Editor’s Note: Hurricane Maria changed the lives of many when it hit Puerto Rico in September 2017. Four survivors, now FEMA local hires, share their stories on how Hurricane Maria impacted their lives, and how they are making a difference in their community every day.

They say a picture is worth a thousand words. I feel one word can actually carry enough meaning and emotion to transcend a single picture. In Puerto Rico during the past six months, Maria was that word, evoking both fear and bravery, despair and hope, destruction and resilience.

Like many Puerto Ricans, my life changed on Sept. 20, 2017. Only four days earlier, my family and I were celebrating my daughter’s 8th birthday on the beach. Soon after we blew out candles and opened gifts, we heard news confirming a potential Category 4 or 5 hurricane was heading our way.

Hurricane Maria left the entire Island, the place I call home, without power. It seemed like we were shut off from the world. Those early days after the storm the feeling of uncertainty was palpable everywhere you went. And even though food, water and other supplies had to be flown or shipped to our tiny Island, there was one thing we had in abundance: hard-working Puerto Ricans, and I was one of them.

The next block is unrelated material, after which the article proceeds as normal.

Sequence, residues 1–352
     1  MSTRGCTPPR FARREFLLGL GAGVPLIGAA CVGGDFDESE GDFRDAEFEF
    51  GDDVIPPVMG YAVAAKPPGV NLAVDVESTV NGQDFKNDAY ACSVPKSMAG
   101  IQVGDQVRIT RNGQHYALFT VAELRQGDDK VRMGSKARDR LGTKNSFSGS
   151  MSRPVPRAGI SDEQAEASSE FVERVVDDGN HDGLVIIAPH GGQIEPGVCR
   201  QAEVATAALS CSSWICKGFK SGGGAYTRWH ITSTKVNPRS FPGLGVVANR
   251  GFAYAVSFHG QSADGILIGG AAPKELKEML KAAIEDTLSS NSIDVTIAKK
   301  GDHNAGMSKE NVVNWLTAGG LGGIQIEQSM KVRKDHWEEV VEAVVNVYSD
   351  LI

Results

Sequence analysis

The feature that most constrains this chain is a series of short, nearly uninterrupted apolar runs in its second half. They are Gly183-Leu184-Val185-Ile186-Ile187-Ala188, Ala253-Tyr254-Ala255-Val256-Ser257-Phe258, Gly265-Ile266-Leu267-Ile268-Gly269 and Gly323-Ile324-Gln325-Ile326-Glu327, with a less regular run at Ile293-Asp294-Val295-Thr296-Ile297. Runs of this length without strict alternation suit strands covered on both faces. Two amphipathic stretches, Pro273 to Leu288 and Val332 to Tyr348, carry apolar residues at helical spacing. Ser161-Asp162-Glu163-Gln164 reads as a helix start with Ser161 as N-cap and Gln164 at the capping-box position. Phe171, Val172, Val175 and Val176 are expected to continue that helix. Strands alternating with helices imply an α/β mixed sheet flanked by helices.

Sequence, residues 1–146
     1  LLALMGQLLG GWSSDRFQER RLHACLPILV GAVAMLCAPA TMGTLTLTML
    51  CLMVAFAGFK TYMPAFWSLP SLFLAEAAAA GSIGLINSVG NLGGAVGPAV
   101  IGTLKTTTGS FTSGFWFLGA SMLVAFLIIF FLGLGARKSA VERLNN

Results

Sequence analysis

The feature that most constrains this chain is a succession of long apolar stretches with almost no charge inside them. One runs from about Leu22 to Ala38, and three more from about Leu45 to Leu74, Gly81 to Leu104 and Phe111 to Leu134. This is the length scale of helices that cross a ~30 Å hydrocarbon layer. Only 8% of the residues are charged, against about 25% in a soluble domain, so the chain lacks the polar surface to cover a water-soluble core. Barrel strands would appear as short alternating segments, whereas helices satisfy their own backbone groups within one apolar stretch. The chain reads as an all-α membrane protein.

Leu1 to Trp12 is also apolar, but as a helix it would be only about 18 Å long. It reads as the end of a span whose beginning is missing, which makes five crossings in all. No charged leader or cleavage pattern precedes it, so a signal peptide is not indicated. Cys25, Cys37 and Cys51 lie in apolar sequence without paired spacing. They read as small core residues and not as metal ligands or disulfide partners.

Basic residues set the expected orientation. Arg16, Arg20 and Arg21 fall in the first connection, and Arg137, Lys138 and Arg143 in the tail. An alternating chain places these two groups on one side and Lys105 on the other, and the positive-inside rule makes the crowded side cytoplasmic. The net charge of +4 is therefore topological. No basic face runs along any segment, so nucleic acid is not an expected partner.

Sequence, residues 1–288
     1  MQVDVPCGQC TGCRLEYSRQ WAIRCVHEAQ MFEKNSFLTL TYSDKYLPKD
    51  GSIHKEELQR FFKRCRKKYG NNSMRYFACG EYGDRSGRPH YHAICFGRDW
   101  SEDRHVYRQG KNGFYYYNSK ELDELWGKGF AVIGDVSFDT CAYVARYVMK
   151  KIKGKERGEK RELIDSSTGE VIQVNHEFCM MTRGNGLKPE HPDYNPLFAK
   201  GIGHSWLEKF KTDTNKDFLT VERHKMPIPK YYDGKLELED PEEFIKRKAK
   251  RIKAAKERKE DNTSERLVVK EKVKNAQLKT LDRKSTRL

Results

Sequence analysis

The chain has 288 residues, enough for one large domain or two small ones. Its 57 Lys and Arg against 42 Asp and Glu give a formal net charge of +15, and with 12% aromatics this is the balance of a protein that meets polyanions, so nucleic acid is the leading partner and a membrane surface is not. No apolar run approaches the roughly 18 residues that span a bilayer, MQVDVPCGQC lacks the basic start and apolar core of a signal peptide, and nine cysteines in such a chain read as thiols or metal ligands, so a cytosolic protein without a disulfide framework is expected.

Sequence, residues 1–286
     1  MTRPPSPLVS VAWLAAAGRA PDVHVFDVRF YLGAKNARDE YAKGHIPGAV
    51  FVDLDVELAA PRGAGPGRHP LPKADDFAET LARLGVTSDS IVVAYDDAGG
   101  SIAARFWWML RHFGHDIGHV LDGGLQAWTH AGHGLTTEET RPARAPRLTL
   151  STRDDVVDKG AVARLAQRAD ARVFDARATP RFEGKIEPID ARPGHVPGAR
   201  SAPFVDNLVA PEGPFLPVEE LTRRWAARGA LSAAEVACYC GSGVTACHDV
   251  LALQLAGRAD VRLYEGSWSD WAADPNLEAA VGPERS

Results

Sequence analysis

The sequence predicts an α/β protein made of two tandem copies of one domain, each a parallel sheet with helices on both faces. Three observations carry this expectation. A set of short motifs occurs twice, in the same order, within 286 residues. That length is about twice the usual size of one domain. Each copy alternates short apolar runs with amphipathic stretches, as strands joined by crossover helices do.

Aside from isolated leaks and some water seeping through the windows, my family and our home emerged safely. I started working as a translator for FEMA External Affairs on Oct. 9, 2017. I had never felt as nervous, excited and completely overwhelmed as I did that day.

My mission was clear: I had to get important FEMA information to survivors who understood little to no English. Considering the Spanish language uses about 20 percent more words to convey the same message in English, this was no easy task. The challenge multiplies given the time constraints of a 30-second Public Service Announcement.

That was one of my first assignments.

I came to understand fairly quickly that the words I translate are more than just words. In some ways, they are a lifeline for people who lost everything. They need to know where to find water, where to apply for disaster assistance. They need to know how to prepare those military rations known as MREs, or Meals Ready to Eat.

The words I translate travel far beyond the walls of the building we all refer to as the JFO, or Joint Field Office. They find their way into the lives of survivors who are trying to live in their new normal.

External Affairs is a fast paced, high-octane environment with a diverse and talented team of professionals who are dedicated to providing accurate and actionable information survivors can use throughout their recovery.

My time here has helped me to put things into perspective. The work being carried out by FEMA and its partners throughout our Island is inspiring. For many, Maria, a word that six months ago meant fear, despair and destruction now stands for bravery, hope and resilience.